Middle managers must work with broader systems and continuously direct functional activities toward the strategic purposes of the larger systems of which they are a part. The integration of middle management activity represents a key to competing through customer value.

Differences among other management positions

Upper management must create opportunities for individuals to utilize their individual talents and acquire new skills. Crossfunctional systems can provide opportunities for managers beyond their regular duties either as leaders of such systems or as valuable resources and team members. Such opportunities offer individuals challenges and a better understanding of how the entire organization operates. The company will benefit from greater flexibility and enthusiasm throughout the organization (Deal & Kennedy, 1982).

Under industrialization, bureaucracy was the dominant form of organization. The factory was designed to produce standardized products; the bureaucracy, to produce standardized decisions. Most major corporations developed in an industrial society, based on a bureaucratic model of machine-like division of function, routine activity, permanence, and a very long vertical hierarchy. It was a world of mass markets, uniform goods and services, and long production runs (Deal & Kennedy, 1982).

Conclusion

The overall functional management structure has been unchanged. The functional structure not only hinders an organization’s innovativeness but also has a strong negative effect on the creativity and innovativeness of the individual. People feel they cannot change their environment and thus never seek the information and ideas that might change it. The top-down authoritarian management style is yielding to a networking style of management, where people learn from one another horizontally, where everyone is a resource for everyone else, and where each person gets support and assistance from many different directions.

Many see the organizational structure of the future as some form of network in which employees are free to move in any direction, even across boundaries of function and level, to link up with anyone to accomplish a task. However, we should not fall into the trap of thinking that an innovative organization will assume only one form. The same organization may adopt many different forms over time, and many different structures may emerge within a single organization as it attempts to accommodate continuous change.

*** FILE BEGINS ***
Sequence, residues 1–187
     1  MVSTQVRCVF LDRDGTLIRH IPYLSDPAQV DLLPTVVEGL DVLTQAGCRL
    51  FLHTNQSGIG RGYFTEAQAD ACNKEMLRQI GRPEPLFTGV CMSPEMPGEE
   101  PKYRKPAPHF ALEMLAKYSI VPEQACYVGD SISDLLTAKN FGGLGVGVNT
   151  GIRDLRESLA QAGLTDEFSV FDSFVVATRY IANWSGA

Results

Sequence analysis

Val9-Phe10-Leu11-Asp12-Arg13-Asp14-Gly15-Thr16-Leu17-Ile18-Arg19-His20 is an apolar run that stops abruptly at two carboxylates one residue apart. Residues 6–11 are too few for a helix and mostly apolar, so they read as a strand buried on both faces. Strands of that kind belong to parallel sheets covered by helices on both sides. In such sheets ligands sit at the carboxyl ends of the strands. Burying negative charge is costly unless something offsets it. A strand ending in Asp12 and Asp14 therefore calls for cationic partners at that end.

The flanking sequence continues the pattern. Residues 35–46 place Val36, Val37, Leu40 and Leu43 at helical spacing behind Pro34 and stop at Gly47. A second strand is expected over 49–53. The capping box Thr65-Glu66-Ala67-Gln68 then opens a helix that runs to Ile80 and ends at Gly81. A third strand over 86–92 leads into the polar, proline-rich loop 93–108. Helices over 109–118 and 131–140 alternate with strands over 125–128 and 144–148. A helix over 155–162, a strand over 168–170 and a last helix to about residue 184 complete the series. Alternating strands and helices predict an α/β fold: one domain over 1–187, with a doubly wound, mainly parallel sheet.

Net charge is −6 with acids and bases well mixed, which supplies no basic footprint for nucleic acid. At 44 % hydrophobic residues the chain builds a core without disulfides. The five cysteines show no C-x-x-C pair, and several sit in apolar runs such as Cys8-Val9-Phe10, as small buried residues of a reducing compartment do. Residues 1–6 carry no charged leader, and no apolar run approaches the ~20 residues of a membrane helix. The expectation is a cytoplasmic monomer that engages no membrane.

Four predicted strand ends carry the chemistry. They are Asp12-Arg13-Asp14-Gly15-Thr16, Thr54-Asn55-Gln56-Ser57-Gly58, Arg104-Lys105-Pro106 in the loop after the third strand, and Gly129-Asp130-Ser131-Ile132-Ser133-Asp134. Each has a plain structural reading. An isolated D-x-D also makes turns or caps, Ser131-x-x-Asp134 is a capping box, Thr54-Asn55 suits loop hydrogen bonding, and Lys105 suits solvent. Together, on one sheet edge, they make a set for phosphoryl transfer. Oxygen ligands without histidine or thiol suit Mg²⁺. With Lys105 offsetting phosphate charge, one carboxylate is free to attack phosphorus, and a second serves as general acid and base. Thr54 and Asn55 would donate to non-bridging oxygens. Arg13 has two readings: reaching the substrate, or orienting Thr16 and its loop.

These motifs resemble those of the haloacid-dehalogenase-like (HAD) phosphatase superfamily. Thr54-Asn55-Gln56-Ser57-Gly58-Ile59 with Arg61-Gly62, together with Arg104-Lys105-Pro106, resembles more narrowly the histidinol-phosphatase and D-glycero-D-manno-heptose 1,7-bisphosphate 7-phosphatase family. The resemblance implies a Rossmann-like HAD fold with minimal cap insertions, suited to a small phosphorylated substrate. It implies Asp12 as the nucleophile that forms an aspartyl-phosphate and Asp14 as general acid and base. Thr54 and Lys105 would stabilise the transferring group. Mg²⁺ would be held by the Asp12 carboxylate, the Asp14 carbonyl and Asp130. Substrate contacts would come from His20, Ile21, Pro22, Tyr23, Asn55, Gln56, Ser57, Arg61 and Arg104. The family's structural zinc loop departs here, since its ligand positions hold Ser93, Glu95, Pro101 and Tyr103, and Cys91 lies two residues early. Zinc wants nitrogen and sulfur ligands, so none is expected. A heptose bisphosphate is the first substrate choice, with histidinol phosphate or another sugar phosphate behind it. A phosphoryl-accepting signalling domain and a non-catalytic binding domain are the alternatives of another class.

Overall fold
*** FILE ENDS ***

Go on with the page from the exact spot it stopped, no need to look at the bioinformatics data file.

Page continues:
References

  1. Bartlett, C. and S. Ghoshal (1989) Managing Across Borders: the Transnational Solution, Boston: Harvard Business School Press.
  2. Chandler A. (1962) Strategy and Structure, MIT Press, Cambridge, MA.
  3. Deal Terence E., and Allan A. Kennedy (1982). Corporate Cultures. Addison-Wesley.
  4. Higgins James M.(1995) Innovate or Evaporate. Management Publishing.
  5. Kotter John P., and James L. Heskett (1992) Corporate Culture and Performance. Free Press.
  6. Penrose E. (1959) The Theory of the Growth of the Firm, Basil Blackwell, Oxford
  7. Ghoshal, Sumantra and Christopher A. Bartlett (1997) The Individualized Corporation: A Fundamentally New Approach to Management, New York, NY: HarperBusiness Books.
  8. Meredith J.R. and Amoaka-Gyampah K. (1990) ‘The Genealogy of Operations Management’, Journal of Operations Management 9, 2, 146-67
  9. Nonaka, I. and H. Takeuchi (1995) The Knowledge-Creating Company, New York, NY and Oxford: Oxford University Press.
  10. Schein Edgar H. (1992) Organizational Culture and Leadership, 2d ed. Jossey-Bass.
  11. Trice H. M., and J. M. Beyer. (1993) The Cultures of Work Organizations. Prentice-Hall.